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Illinois hunting and fishing

Tim Moore keeps a hive of bees in the backyard of his Springfield home. A new ordinance would make it legal for hobby beekeepers to have a limited number of hives. Chris Young/The State Journal-Register.

City of Springfield to spell out beekeeping requirements

June 11, 2012 at 11:21 AM

The State Journal-Register

The Springfield City Council will consider an ordinance this week to legalize hobby beekeeping.

The draft ordinance sets up a framework of requirements that limit the number of hives an individual can maintain at once and requires them to be placed a sufficient distance from neighbors and sidewalks.

Sangamon County Board member Tim Moore, also a beekeeper, worked with the city to create the ordinance.

“The business of beekeeping – or apiculture – is a form of agriculture just like raising cows, pigs and horses,” Moore said. “It’s not real clear whether or not hobby beekeeping is legal (in Springfield) or not.”

Hobby beekeepers raise bees that produce honey for the beekeepers, their families and friends, not for profit.

“So with this ordinance, (hobby beekeepers) don’t have to worry about being fined or shut down.”

Rich Ramsey of Rochester, vice-president of the Illinois State Beekeeping Association, said allowing hobbyists to maintain a few hives helps promote good relations between beekeepers and the community.

After all, it’s a local beekeeper who gets the call when a swarm of bees takes up temporary residence in a public place and needs to be removed.

Beekeepers can put their names on a list to be called if the Sangamon County sheriff’s office is alerted to the presence of a swarm.

For their trouble, beekeepers get free bees and queens for their hives, and the public gets a free service.

Moore maintains hives on his farm near Loami and one hive in his backyard in Springfield.

“It’s tucked back in a corner of my yard, and my neighbors don’t generally see it or go back there,” he said.

Most beehives are like Moore’s – out of sight and out of mind - but an ordinance spells out rules for everyone’s protection.

For example, the ordinance requires hives to be at least five feet from the property line, a street or a sidewalk, unless a proper fence keeps the hive separate.

“Only a fool would put his bees near a sidewalk,” Ramsey said.

Moore said to be in compliance, he would move his bees a few feet in from the property line and plant a hedge along the fence separating his yard from the alley.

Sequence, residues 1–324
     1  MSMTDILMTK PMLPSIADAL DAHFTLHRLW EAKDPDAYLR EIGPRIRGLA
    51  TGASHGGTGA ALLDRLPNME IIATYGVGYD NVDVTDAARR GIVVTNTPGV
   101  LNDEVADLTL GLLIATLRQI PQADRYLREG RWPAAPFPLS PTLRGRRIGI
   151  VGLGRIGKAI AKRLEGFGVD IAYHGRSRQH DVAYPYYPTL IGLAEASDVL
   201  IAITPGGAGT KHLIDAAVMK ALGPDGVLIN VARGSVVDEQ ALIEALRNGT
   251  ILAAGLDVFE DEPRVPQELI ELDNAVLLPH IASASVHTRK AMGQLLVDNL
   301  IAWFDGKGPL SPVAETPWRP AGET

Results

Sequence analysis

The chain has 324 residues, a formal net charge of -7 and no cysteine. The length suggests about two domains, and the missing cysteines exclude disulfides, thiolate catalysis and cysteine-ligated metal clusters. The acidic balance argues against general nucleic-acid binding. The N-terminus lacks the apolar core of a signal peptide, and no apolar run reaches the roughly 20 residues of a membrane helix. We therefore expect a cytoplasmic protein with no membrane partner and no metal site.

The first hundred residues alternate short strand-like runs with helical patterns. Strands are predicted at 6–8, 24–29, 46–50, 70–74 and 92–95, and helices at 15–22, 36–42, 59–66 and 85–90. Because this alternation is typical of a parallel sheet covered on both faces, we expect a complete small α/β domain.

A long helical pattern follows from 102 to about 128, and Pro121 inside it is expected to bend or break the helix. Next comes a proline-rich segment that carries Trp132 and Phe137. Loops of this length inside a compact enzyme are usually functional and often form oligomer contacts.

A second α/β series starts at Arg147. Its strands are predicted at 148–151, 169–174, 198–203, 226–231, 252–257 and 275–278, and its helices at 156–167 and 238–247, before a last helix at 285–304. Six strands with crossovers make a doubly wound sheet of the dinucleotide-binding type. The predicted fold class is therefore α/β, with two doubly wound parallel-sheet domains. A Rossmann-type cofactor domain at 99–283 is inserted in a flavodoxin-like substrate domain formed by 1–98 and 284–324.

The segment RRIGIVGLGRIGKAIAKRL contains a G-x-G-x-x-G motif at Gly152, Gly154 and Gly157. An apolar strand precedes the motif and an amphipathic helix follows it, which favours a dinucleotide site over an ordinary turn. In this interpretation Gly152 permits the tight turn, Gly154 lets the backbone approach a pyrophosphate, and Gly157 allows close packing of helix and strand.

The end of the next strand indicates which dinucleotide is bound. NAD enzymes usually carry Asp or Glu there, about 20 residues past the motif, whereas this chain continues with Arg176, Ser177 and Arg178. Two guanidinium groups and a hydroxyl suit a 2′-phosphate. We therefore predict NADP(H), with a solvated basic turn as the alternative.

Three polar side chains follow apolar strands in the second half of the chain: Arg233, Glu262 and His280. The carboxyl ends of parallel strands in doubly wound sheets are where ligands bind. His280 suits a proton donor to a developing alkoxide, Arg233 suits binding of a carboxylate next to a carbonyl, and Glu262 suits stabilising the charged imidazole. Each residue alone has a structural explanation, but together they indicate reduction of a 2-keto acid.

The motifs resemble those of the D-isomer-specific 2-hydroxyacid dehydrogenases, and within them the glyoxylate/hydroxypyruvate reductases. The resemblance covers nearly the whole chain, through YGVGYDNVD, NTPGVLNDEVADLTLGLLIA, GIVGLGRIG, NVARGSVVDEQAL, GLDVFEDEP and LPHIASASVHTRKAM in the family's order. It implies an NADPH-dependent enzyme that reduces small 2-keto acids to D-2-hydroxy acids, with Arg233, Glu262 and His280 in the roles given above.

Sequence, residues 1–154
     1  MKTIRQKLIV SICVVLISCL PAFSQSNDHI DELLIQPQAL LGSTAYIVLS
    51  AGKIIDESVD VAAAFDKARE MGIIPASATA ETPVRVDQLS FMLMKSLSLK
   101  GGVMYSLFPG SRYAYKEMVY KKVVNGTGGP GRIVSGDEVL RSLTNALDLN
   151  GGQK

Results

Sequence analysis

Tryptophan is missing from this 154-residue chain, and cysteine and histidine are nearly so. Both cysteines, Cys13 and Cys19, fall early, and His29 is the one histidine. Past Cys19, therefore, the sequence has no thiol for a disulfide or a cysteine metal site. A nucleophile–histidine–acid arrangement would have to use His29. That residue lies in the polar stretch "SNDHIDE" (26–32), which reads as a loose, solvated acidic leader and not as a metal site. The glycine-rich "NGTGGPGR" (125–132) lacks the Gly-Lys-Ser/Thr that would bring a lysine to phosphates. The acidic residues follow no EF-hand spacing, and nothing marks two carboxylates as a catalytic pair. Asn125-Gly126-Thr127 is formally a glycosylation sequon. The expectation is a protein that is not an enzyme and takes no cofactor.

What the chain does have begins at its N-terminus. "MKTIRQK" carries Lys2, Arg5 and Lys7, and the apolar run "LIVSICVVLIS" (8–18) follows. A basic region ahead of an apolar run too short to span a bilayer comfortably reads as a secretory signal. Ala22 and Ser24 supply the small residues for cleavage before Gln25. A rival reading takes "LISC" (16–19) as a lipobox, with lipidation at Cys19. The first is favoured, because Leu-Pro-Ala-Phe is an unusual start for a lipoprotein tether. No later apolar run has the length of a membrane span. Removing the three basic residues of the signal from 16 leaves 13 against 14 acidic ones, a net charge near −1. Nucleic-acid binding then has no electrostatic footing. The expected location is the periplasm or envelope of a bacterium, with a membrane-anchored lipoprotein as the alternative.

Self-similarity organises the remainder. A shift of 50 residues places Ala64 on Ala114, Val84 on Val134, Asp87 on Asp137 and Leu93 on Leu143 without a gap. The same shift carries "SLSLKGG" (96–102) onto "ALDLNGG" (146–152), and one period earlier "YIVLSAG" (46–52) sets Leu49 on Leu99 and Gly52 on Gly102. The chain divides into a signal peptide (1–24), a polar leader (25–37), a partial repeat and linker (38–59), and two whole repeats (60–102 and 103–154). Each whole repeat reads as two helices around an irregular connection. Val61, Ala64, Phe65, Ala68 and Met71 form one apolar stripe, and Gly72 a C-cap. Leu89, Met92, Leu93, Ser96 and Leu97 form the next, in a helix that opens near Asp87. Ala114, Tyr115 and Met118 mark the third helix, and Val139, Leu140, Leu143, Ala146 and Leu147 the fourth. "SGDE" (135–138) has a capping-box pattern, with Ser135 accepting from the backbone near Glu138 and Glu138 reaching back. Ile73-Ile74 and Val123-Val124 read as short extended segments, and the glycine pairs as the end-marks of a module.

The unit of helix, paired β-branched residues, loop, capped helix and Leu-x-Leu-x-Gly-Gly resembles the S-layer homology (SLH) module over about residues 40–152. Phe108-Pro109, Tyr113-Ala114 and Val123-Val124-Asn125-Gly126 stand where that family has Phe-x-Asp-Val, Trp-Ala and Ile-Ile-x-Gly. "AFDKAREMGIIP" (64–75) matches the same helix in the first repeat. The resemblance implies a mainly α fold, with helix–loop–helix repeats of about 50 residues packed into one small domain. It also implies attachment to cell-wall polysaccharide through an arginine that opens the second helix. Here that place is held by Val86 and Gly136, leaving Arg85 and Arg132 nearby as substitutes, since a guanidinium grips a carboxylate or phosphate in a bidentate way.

Before he opens up his hives, Moore smokes the hives to calm the bees.

He shows where honey is produced and where his “bee babies” mature in

He wears a net over his head, face and arms, but says he isn’t worried about being stung.

“They’re just doing their thing,” Moore said. “They aren’t paying a whole lot of attention to us, even when we are holding up the frame to look at them.”

Moore estimates there are about dozen beekeepers in Springfield.

New people have inquired about becoming involved, but are unsure about the legality.

“The (present) ordinance was pretty vague, and it was keeping people from keeping bees,” he said.

The ordinance will go before the full city council June 19, Moore said.


Bee swarms

Getting along with honeybees is fairly simple.

“If you leave them alone, they will leave you alone,” said Rich Ramsey, vice-president of the Illinois State Beekeepers Association.

Even large swarms of bees that temporarily possess tree cavities, sign posts, door jams, or other public places are not dangerous if treated with respect.

“Right now the city is full of bees,” Ramsey said. “There are hollow trees all over town.”

Bee swarms normally are not aggressive, he said.

“We probably got 20 calls for swarms this spring, and there were no stinging incidents to my knowledge,” Ramsey said. “They are not going to attack a person like you see in the movies.”

Bees swarm when the older queen leaves the hive to a new queen.

The older queen usually takes about half of the colony with her to start over in a new location.

“People who have a bee swarm call 911, but that’s not really a 911 emergency,” Ramsey said. “Call the non-emergency number of the Sheriff’s Dept. at 753-6666, and they will get a hold of a beekeeper.”


Draft ordinance on hobby beekeeping

*Requires hives to be registered with the Illinois Department of Agriculture.

*Colonies must be maintained in movable-frame hives.

*Proper bee handling techniques must be used to avoid possibility of “unprovoked stinging” 10 or more feet away.

*No more than four hives on lots of less than 10,000 square feet.

*Hives must not be located within five feet of a property line, street, sidewalk or alley unless protected by a solid or slat-filled chain link fence or hedge four feet in height. The fence must extend at least four feet beyond the hive in both directions or completely enclose the hives.

*Colonies of honeybees – or any other stinging insects – not maintained in compliance with the ordinance may be deemed a public nuisance. Wild occurring bees, such as those residing in hollow trees whose honey is not harvested are not considered to be in violation.

Chris Young can be reached at 788-1528.

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